There is a surprising amount of literature available on the philosophy of library and information science (LIS), but it’s hard to know where to start. What should a library philosopher read? Where’s the best place to begin? Since this blog is supposedly about philosophy and librarianship, the least I can do is attempt to build a list of suggested readings to aid the interested. Granted, I’m no expert, but I can at least start building a bibliography of the texts I think are most important to understanding the intersection of philosophy and librarianship at a foundational level.
Oh, and by the way, I don’t necessarily agree with every argument in every book or article on this list. I’ve just tried my best to present the most compelling and important works that I’ve found, regardless of whether I agree. Philosophy is a large field that admits of several competing viewpoints and I don’t want to leave anything out, so if you have a book, article, or other resource you would like to suggest, please let me know at lane[dot]wilkinson[at]gmail.com or in the comments.
General Works in the Philosophy of Librarianship
- Bivens-Tatum, W. (2012). Libraries and the enlightenment. Los Angeles: Library Juice Press. [Link to review]
- Budd, J. (2001). Knowledge and knowing in library and information science: a philosophical framework. Lanham, Md: Scarecrow Press.
- Cossette, A. (1976/2009). Humanism and libraries: An essay on the philosophy of librarianship. Translated by Rory Litwin. Duluth, Minn.: Library Juice Press.
- Gorman, M. (2000). Our enduring values. Chicago: American Library Association.
- Herold, K. (Ed.). (2004). The philosophy of information [special issue]. Library Trends, 52(3). [Link to review]
- Hjørland, B. (Ed.). (2005). Library and information science and the philosophy of science [special issue]. Journal of Documentation, 61(1).
- Kaplan, A. (1964). The age of the symbol–a philosophy of library education. Library Quarterly, 34(4), 295-304. [Link to review]
- Nitecki, J. Z. (1979). Metaphors of librarianship: A suggestion for a metaphysical model. Journal of Library History, 14(1), 21-42. Recommended by Ken Herold.
- Osburn, C. B. (2009). The social transcript: uncovering library philosophy. Westport, Conn: Libraries Unlimited. [Link to review]
- Himma, K. E. & Tavani, H. T. (2008). The handbook of information and computer ethics. Hoboken, N.J.: Wiley.
Libraries and the Philosophy of Information
- Buckland, M. K. (1991). Information as thing. Journal of the American Society for Information Science, 42(5), 351-360. [Link to review]
- Budd, J. M. (2011). Meaning, truth, and information: prolegomena to a theory. Journal of Documentation, 67(1), 56-74. [Link to review]
- Floridi, L. (2011). The philosophy of information. Oxford: Oxford University Press.
- Floridi, L. (2010). Information: a very short introduction. Oxford: Oxford University Press. [Link to review]
- Floridi, L. (Ed.). (2003). The Blackwell guide to the philosophy of computing and information. Oxford: Blackwell.
- Floridi, L. (2002). On defining library and information science as applied philosophy of information. Social Epistemology, 16(1), 37-49.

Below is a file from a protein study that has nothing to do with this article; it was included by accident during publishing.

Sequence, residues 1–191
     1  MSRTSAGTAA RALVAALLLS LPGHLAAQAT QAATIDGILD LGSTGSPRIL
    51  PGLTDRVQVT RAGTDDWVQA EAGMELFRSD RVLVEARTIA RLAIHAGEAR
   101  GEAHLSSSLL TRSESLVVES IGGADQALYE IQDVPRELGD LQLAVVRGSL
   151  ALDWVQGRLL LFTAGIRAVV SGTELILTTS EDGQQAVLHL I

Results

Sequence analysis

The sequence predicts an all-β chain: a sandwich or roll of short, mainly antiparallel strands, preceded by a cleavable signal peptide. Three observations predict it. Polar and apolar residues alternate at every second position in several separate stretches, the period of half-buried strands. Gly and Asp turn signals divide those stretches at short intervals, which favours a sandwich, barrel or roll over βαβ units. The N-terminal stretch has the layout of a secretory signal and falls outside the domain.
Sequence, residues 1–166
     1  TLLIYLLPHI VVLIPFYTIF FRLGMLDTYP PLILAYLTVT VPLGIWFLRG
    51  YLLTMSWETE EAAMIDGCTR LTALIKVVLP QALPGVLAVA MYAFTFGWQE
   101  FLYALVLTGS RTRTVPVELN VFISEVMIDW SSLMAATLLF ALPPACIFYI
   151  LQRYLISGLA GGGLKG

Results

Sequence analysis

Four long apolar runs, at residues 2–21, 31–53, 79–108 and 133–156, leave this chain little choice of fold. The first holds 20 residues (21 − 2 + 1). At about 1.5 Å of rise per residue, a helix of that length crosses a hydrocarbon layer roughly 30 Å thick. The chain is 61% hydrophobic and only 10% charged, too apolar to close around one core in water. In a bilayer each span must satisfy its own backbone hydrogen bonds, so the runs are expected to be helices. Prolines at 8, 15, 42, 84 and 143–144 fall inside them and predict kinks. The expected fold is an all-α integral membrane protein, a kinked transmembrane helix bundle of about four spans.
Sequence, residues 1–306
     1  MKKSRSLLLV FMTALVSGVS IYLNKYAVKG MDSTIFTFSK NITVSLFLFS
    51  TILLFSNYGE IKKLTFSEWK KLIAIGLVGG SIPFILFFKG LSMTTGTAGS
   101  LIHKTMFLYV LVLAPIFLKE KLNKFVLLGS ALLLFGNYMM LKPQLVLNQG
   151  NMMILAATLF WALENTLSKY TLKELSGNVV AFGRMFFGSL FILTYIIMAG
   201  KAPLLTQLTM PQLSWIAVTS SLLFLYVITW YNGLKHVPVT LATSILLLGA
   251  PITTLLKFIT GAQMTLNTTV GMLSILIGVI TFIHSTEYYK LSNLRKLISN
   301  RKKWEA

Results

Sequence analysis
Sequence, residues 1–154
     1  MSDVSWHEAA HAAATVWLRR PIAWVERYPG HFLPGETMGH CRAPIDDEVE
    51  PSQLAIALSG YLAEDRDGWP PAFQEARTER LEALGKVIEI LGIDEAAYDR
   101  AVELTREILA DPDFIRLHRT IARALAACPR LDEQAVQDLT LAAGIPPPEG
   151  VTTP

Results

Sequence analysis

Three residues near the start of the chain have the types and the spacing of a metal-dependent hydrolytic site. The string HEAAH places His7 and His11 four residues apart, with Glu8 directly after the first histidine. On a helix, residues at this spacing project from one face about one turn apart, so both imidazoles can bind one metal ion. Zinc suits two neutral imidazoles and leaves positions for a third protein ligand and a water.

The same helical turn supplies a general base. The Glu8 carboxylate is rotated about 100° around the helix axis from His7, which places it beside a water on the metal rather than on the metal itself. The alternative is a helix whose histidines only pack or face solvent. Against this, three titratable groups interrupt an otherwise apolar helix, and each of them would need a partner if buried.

- Herold, K. (2001). Librarianship and the philosophy of information. Library Philosophy and Practice, 3. Available online at http://www.webpages.uidaho.edu/~mbolin/herold.html
- Hjørland, B. (2005). Library and information science and the philosophy of science. Bradford, England: Emerald Group.
Postmodern, Continental, and Critical Theory in Librarianship
- Budd, J. M., Hill, H. & Shannon, B. (2010). Inquiring into the real: A realist phenomenological approach. The Library Quarterly, 80(3), 267-284.
- Buschman, J. & Brosio, R. A. (2006). A critical primer on postmodernism: lessons from educational scholarship for librarianship. The Journal of Academic Librarianship, 32(4), 408-418.
- Buschman, J. (2003). Dismantling the public sphere: situating and sustaining librarianship in the age of the new public philosophy. Westport, Conn: Libraries Unlimited.
- Hjorland, B. (Ed.). (2005). Library and Information Science and the Philosophy of Science [Special Issue]. Journal of Documentation, 61(1).
- Kruk, M. (2003). Truth and libraries. The Australian Library Journal, 229-238.
- Labaree, R. V., & Scimeca, R. (2008). The philosophical problem of truth in librarianship. The Library Quarterly, 78(1), 43-70.
- Lankes, R. D. (2011). The Atlas of New Librarianship. Cambridge, MA: MIT Press. [Link to review]
- Leckie, G. J., Given, L. M., & Buschman, J. (2010). Critical theory for library and information science: exploring the social from across the disciplines. Santa Barbara, Calif: Libraries Unlimited.
- Weinberger, D. (2011). Too Big to Know. New York: Basic Books. [Link to review]
- Budd, J. (2004). Academic libraries and knowledge: A social epistemology framework. The Journal of Academic Librarianship, 30(5), 361-367.
- Goldman, A. I. (1999). Knowledge in a social world. Oxford: Clarendon Press.
- Shera, J. (1970). Sociological foundations of librarianship. New York: Asia Publishing House.
- Shera, J. (1973). Knowing books and men: Knowing computers too. Littleton, CO: Libraries Unlimited.
- Wilson, P. (1983). Second hand knowledge: An inquiry into cognitive authority. Westport, CT: Greenwood. [link to Wikipedia]